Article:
Minister never forgot his Suffolk seat
John Gummer was part of the Conservative landslide that swept Margaret Thatcher into power in 1979.
SUFFOLK: John Gummer was part of the Conservative landslide that swept Margaret Thatcher into power in 1979.
But his seat then was very different to the Suffolk Coastal constituency he now represents.
He became MP for Eye, stretching from the Suffolk coast to the border with west Suffolk - although his seat then did not include Felixstowe or Woodbridge.
And this was not his first entry into the House of Commons - he had been MP for Lewisham during the Ted Heath's Conservative government from 1970 to 1974.
Once selected to fight Eye, Mr Gummer appeared everywhere in the constituency - building up a wide circle of friends and contacts that has sustained him during his ministerial career.
Within a few years of entering the House of Commons, Mr Gummer began his climb up the ministerial pole.
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But his big break came after the 1983 general election when he was propelled from virtual obscurity to become new Conservative Party chairman succeeding Cecil Parkinson.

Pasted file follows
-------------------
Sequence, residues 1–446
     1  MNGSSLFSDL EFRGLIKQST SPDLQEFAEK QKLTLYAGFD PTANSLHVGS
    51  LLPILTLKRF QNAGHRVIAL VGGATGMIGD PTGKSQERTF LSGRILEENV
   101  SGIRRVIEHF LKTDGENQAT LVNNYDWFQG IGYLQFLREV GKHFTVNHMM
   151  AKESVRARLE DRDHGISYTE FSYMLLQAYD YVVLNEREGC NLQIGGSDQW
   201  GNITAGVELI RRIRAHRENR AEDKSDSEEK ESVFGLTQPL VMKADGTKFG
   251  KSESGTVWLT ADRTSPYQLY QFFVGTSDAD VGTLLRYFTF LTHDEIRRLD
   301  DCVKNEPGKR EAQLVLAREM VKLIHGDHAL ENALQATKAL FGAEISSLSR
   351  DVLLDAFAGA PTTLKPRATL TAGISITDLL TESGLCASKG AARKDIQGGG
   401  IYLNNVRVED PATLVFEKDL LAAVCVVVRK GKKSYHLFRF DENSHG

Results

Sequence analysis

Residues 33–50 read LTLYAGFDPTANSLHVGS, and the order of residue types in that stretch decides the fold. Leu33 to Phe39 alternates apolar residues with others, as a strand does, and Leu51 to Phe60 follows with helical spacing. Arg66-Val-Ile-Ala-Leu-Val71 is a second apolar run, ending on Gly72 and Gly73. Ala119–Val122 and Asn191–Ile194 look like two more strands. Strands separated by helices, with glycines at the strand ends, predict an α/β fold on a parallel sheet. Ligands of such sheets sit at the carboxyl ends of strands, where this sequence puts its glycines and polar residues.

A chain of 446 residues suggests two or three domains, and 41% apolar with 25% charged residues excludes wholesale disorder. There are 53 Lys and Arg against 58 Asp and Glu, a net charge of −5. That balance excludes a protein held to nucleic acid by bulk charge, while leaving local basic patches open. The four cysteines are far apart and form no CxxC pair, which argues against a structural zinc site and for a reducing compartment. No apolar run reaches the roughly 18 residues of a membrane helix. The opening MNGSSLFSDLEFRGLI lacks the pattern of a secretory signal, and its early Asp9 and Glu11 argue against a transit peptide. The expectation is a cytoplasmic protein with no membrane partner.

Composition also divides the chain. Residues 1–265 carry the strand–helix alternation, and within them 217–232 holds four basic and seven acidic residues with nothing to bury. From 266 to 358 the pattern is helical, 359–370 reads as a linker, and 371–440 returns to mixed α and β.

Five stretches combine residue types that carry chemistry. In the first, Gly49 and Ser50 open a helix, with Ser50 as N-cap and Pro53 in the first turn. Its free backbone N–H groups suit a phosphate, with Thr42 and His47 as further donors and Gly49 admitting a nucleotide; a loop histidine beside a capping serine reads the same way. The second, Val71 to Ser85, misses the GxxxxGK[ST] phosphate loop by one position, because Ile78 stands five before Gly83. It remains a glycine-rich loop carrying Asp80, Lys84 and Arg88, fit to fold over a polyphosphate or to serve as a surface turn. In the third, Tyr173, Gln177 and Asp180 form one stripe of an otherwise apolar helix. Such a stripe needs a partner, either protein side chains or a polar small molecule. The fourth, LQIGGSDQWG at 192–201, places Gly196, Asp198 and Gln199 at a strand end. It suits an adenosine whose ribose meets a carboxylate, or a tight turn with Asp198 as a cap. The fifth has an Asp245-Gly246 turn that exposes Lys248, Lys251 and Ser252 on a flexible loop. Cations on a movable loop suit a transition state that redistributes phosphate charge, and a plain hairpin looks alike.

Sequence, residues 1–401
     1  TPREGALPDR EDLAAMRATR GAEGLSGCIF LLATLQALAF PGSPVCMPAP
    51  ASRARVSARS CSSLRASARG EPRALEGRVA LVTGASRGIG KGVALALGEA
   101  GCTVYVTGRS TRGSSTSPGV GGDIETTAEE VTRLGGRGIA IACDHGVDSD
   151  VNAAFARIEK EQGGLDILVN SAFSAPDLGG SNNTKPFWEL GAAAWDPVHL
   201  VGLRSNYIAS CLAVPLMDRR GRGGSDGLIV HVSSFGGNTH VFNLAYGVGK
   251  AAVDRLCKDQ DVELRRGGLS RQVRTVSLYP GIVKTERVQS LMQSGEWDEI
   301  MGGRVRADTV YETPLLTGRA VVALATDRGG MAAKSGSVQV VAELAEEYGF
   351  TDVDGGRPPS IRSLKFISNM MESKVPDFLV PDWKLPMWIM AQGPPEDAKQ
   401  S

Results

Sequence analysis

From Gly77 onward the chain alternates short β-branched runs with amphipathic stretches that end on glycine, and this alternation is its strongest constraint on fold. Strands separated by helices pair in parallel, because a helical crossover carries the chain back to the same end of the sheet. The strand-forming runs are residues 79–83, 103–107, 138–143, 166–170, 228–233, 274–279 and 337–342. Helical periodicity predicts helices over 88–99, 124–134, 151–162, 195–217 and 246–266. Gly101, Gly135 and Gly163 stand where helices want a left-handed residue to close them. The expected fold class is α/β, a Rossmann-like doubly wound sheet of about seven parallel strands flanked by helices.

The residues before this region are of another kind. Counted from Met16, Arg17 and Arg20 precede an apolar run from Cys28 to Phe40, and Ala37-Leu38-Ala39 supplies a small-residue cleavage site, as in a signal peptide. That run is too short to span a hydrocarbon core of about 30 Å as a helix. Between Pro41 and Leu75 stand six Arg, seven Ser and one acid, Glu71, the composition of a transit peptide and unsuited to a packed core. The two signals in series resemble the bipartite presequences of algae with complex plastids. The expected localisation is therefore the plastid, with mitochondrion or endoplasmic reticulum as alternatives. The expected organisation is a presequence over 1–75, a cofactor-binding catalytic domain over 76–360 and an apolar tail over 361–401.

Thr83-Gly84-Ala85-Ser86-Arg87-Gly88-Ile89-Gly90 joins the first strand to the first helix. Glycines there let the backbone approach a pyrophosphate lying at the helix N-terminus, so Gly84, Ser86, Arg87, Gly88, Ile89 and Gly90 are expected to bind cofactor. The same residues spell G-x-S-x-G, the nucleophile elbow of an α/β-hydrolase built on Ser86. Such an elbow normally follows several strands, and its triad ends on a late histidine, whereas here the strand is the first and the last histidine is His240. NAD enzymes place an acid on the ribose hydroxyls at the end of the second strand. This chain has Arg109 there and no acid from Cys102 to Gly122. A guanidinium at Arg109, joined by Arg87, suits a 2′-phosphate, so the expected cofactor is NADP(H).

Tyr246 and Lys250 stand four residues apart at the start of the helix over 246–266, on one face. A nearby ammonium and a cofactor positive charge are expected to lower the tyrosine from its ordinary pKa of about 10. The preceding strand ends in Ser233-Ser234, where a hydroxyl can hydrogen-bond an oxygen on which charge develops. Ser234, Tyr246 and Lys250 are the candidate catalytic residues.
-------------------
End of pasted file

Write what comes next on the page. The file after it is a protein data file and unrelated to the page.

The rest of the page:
What the public didn't know at the time of his appointment was that Mr Parkinson had the Sara Keays scandal about to break.
From party chairman Mr Gummer became junior agiculture minister, minister of agriculture, and environment minister under Mrs Thatcher and John Major.
He was close to both of them - he is rumoured to have fought back the tears when he told Mrs Thatcher she could not stand in the second ballot of the leadership election in November 1990 - and also retained very close relations with Ted Heath.
One of the most enduring images of his ministerial career came in 1990 when, at the start of the BSE controversy, Mr Gummer was pictured with his young daughter Cordelia tucking into a beefburger at an event in Ipswich.
As the BSE crisis became more serious later in the decade, the image became very familiar across the country.
But while Mr Gummer had a national profile, he never forgot his constituents - and was always very approachable.
It was easier to get a comment from a cabinet minister about a local issue in Felixstowe than it was from some of his back-bench colleagues about matters in their constituencies.
After the 1997 election and the arrival of a Labour government, Mr Gummer seemed to devote more of his time and energy to green issues - and was not seen in his constituency so much.
However a few years later he seemed re-invigorated and campaigns such as the need for better coastal defences, improved hospital services in Felixstowe, and most recently the need for heart attack treatment to remain at Ipswich Hospital brought him back to grass-root campaigning.
Now a new chapter awaits him - he has said he plans to spend more time working on environmental issues and as a former cabinet minister can expect a seat in the House of Lords.